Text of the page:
The witnesses do seem agreed that the result of the bus hitting and jumping the curb and returning to the street was a rocking of the bus, the witnesses differing as to the severity of this rocking motion. Appellant testified that, as a result of this rocking motion, she hit her left elbow and wrist on the side of the bus, causing a fracture of the wrist. Appellant and Thompson are agreed that, after jumping the curb, the bus did not stop but continued up Amazon Street. Thompson testified that none of his passengers seemed upset at the incident, and none complained to him at the time. He did state that he could not observe what was happening in the rear of the bus because of the standees.
Mrs. McGrath's account of the entire incident differs radically from that of appellant or of Thompson. Not only does she have the accident occurring on Mission Street with the bus coming to a stop with its two front wheels on the sidewalk, but she also testified that immediately after the rocking motion she observed appellant ‘crunched down and her arm was under her’; that appellant was biting her lip and crying; that she observed that 3 other people were thrown from their seats; that many of the passengers voiced loud complaints; that after the bus stopped, all of the passengers got out of the bus; and that she assisted appellant off the bus.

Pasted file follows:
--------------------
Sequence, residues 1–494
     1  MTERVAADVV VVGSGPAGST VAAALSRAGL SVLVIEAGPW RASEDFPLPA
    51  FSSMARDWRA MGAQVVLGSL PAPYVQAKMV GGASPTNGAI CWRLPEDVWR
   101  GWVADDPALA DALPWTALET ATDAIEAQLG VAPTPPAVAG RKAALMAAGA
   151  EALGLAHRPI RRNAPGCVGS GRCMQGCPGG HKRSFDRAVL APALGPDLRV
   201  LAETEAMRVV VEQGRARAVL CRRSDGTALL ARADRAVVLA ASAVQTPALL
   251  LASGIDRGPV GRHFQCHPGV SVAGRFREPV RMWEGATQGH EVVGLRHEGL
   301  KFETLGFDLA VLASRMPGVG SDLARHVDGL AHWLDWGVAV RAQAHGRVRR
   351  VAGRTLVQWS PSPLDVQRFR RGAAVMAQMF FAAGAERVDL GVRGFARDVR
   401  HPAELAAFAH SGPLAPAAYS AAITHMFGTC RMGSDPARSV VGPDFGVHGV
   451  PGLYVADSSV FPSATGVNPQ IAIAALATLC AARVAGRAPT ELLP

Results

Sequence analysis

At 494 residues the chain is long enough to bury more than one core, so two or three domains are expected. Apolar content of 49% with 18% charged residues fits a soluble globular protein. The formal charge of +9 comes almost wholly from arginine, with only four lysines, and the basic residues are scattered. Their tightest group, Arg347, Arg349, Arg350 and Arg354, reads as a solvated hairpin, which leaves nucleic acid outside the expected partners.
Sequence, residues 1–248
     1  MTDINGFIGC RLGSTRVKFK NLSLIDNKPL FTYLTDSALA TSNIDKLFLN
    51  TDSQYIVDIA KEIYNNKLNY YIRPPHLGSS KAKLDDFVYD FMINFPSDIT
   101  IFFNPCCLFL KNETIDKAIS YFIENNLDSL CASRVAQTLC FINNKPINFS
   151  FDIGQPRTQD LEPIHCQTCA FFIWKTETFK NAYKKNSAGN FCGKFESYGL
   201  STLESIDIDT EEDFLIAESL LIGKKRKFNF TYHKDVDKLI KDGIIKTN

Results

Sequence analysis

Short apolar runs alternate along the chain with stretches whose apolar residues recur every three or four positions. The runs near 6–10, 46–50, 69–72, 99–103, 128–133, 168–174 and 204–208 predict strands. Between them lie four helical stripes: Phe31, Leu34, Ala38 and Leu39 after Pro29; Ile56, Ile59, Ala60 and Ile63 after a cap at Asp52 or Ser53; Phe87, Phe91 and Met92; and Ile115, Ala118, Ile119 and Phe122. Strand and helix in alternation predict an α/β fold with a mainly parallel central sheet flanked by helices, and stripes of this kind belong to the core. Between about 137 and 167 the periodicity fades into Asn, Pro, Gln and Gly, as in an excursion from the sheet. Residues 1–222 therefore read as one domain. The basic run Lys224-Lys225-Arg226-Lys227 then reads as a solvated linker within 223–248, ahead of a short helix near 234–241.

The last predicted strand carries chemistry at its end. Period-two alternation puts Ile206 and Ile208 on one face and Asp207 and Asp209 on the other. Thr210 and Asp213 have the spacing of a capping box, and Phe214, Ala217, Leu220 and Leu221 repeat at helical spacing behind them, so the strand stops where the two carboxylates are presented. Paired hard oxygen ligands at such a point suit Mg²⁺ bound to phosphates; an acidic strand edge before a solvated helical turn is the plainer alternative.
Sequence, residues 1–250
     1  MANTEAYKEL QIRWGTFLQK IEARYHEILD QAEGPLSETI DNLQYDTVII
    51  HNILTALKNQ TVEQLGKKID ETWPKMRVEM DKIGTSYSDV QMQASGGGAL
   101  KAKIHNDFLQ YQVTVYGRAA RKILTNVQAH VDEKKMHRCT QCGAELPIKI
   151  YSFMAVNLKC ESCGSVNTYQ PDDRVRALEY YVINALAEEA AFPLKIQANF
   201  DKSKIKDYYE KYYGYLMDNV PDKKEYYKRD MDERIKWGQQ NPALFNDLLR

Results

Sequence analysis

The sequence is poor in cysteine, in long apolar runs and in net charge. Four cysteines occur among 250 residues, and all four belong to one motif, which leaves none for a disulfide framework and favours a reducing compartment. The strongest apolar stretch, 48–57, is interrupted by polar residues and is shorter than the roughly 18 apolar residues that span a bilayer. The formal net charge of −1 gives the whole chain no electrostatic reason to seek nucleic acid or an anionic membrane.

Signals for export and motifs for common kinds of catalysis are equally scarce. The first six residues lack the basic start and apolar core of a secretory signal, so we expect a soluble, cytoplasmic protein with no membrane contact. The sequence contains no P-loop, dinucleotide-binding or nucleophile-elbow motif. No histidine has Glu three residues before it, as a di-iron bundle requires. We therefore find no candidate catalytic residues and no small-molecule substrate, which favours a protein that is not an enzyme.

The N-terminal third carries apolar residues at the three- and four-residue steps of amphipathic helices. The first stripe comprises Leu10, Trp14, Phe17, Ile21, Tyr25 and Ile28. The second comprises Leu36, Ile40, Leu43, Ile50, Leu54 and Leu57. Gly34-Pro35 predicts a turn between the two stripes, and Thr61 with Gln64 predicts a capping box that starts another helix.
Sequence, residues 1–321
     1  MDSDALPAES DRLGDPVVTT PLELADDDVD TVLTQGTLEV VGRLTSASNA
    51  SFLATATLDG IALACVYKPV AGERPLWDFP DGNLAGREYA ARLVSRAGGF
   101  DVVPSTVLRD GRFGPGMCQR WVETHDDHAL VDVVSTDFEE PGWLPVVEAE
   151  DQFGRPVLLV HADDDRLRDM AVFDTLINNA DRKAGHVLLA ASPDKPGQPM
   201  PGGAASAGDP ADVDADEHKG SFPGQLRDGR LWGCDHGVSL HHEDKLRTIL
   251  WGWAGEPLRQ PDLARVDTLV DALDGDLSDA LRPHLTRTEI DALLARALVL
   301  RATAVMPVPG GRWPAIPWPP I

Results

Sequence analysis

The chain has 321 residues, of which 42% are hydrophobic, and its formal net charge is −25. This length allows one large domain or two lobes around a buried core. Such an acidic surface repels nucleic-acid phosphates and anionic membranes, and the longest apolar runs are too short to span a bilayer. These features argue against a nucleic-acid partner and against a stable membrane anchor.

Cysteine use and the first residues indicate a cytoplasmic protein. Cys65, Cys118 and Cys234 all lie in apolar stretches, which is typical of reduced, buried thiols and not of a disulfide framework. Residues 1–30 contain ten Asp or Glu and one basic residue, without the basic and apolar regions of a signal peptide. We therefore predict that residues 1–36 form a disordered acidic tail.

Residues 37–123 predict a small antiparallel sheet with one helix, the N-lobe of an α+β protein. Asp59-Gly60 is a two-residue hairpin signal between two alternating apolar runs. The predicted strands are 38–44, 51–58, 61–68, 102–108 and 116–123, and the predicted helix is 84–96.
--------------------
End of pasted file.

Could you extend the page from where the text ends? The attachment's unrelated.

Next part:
Appellant made no complaint to the driver until she had reached her destination, some 5 to 7 minutes after leaving Mission and Amazon Streets. At that time she told the bus driver she had been hurt. Thompson testified that appellant told him she had hurt her left elbow, not her wrist. Both agreed that the bus driver asked her for her name and address and offered to call an ambulance, which offer was declined.